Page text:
You can’t be “pastoral” with everyone: 5 questions to ask before we get pastoral

When you are a pastor,there are two primary elements of your ministry that you and the people in the church agree upon. You study the Bible and you tell people about it. Whether you preach, teach, or write, most people understand these as basic elements to what you do.

Another element of pastoral ministry is counseling. Real counseling isn’t just listening and being a friendly ear to hear about people’s problems, though some who go to a pastor’s office think of it like that. It also involves sharing biblical guidance for this problems and situations.

A result of all of this talking about the Bible is the impulse for a pastor or Bible teacher to try to speak into everyone’s life as a pastoral influence. But we do not have permission to be such a voice in to every life we are connected with or bump into.

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What does Easter remind you to sacrifice?

Photo by Ricky Turner on Unsplash

At this time of year, I always have trouble separating Easter and Good Friday. If Jesus didn’t offer His life as a sacrifice for sin, we wouldn’t have a resurrection to look forward to. Either in Easter, or for those who believe on the day when these mortal bodies are transformed into the immortal.

The sacrifice of Jesus was unique. Though it was symbolized for centuries through the sacrifice of lambs, bulls, and goats, it is only the precious sacrifice of Jesus which makes us truly right with God.

Christ entered the Most Holy Place only once—and for all time. He did not take with him the blood of goats and calves. His sacrifice was his own blood, and by it he set us free from sin forever. (Hebrews 9:12 NCV)

But what about us? Though Jesus “paid a debt I could not pay” according to the old hymn, is my life in Him without its own sacrifice? Or am I also called to lay put aside, consider dead, sacrifice something of me?

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The Oxymoron Church: Imprisoned freedom

As an American, freedom is a term that is both familiar and foundational. There are battles over various freedoms in our Western nations, and we wonder at the lack of basic freedoms around the world.

Freedom is an essential building block of Christianity. Though it neither demands nor forces the freedoms many fight for today, it offers a deeper freedom that cannot be bound by any earthly shackles of inequality or oppression.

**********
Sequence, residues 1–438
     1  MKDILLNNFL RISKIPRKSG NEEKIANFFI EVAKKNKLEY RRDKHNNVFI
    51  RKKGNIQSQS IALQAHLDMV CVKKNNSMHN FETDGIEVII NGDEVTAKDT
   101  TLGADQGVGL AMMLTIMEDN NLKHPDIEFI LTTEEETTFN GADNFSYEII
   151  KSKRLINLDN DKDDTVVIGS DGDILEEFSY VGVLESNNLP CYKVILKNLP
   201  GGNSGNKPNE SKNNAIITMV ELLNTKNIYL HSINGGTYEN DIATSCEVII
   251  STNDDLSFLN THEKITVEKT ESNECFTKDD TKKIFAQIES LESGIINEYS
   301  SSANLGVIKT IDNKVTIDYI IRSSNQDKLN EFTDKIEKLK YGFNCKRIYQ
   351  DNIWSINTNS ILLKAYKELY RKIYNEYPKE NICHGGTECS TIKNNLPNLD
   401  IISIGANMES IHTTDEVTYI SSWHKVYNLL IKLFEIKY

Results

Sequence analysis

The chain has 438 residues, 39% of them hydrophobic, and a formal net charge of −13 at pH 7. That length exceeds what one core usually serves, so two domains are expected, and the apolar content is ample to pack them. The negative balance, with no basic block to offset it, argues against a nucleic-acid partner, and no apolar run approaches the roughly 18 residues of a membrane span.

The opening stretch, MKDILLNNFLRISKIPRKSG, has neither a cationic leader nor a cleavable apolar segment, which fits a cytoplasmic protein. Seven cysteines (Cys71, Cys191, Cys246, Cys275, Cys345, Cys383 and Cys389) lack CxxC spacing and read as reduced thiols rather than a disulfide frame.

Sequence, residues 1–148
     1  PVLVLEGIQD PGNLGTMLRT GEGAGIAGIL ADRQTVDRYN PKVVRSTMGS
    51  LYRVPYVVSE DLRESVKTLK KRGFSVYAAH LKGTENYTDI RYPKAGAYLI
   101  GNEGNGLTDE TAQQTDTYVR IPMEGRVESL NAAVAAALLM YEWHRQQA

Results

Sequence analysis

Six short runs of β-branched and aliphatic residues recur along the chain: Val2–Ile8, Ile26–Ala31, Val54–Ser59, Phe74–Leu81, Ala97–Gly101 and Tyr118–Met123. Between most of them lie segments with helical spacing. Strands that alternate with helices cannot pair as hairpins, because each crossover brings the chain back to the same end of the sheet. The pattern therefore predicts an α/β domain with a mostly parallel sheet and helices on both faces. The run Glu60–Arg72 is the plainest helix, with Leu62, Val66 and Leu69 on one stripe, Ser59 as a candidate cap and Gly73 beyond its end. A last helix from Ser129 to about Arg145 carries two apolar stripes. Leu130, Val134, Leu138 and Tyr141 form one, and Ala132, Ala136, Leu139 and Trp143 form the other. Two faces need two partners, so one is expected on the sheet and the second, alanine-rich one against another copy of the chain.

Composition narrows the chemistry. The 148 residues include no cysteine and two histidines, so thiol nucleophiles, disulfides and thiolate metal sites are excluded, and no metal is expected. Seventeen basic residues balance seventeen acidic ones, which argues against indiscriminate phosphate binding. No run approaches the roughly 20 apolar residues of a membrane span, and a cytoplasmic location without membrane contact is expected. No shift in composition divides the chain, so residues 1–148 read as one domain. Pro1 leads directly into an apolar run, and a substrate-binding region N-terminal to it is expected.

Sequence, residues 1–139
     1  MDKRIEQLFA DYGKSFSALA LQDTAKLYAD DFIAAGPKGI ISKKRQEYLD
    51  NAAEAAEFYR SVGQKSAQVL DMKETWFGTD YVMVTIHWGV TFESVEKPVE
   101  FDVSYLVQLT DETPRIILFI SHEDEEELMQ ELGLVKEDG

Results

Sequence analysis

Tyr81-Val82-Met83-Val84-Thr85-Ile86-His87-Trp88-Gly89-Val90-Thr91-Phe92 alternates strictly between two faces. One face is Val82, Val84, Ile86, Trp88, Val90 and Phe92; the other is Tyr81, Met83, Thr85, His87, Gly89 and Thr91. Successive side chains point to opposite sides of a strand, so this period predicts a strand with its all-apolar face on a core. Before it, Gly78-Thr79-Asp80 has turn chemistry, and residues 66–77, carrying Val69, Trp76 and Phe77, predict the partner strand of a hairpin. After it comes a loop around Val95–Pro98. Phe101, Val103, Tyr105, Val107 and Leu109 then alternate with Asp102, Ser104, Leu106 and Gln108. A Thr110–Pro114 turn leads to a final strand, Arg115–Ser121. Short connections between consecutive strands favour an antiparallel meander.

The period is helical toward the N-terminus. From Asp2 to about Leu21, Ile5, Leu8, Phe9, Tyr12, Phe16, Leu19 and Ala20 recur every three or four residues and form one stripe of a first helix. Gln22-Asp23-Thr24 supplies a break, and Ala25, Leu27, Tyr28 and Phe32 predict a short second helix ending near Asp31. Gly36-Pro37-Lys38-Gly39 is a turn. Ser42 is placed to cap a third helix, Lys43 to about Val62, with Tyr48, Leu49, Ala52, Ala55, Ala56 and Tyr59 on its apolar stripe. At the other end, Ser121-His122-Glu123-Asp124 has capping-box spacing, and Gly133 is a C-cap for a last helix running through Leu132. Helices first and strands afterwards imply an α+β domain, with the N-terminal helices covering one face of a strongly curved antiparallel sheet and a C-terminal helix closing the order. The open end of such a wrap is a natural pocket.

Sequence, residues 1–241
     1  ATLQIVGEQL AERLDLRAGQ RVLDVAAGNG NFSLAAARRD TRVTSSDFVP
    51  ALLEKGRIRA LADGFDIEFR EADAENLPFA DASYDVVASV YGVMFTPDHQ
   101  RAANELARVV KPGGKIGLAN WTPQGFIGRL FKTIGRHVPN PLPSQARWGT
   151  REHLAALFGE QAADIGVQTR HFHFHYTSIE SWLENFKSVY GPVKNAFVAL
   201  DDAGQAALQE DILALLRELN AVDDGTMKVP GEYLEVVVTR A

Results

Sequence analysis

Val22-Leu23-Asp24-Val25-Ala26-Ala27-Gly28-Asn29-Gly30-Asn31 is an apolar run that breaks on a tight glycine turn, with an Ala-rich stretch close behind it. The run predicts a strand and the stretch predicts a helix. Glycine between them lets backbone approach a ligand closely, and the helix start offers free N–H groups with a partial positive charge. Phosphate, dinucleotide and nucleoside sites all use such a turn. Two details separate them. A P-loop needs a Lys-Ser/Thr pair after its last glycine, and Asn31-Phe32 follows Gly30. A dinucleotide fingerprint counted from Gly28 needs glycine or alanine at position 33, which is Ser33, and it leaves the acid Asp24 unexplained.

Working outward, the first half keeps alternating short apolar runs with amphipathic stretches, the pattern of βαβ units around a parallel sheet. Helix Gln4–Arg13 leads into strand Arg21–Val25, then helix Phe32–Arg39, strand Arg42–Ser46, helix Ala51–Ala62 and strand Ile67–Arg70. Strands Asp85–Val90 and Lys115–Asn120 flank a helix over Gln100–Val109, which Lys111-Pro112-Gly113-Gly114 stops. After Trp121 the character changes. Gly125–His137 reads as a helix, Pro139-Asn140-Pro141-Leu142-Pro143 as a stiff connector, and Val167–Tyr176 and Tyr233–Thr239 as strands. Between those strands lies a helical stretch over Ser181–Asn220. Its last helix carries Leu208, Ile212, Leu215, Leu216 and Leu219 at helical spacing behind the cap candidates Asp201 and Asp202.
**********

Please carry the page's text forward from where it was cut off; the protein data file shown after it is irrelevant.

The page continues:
Proclaiming freedom for captives and the truth that sets us free, the church invites the hopeless to a life of freedom in Christ. At the Oxymoron Church, while shaking the keys of freedom before the chains of sin and death, they hold open the door a new life where hope slowly dies in a different kind of prison.

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The Oxymoron Church: Motionless faith

According to Paul, the three greatest elements of life are faith, hope, and love. The first post in our series mentioned how the local church should be the hope of the world, but few see hope in it. We already talked bout the Oxymoron Church’s flawd ideas about love.

Faith is a concept most people are familiar with. We define our religious views as our “faith”, but our faith in God, and have faith when times are difficult. It is the foundation of our salvation, for we are saved through faith in Jesus Christ (Ephesians 2:8).

How is it possible for a church to fail in regards to faith? What fate is that church left to, if faith is not alive within its walls? Too many of our churches fall into this category of the Oxymoron Church, and their futures are bleak.

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The Oxymoron Church: Demanding servants

So maybe this Oxymoron Church thing is going to hit harder than I thought. Talking about community wasn’t too bad, but love was a rough one. Let’s try to ease up with a look at servanthood.

To be a servant implies we have to answer to someone else. It means there is one who has a higher rank or privilege than we do, and our mission is to fulfill the needs of those above us.

There are a couple of angles we could take here, but we will save at least one for another post. For today the focus is on how servant applies in the context of believer to believer.

You would think a Body of people who believe in community and are motivated by love should be a prime example of servanthood. Already known for its failures in the areas of community and love, the Oxymoron Church has forsaken the life of the servant.

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